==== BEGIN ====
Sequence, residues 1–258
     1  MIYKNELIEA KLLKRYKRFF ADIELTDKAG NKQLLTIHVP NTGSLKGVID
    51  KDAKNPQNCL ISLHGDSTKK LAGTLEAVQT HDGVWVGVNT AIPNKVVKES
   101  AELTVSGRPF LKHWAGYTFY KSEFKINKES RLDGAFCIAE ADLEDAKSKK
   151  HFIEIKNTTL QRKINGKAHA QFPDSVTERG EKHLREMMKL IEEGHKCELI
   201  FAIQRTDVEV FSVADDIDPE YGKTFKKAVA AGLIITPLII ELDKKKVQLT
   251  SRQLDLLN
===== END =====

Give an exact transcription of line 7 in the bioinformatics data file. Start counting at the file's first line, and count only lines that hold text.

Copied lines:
   251  SRQLDLLN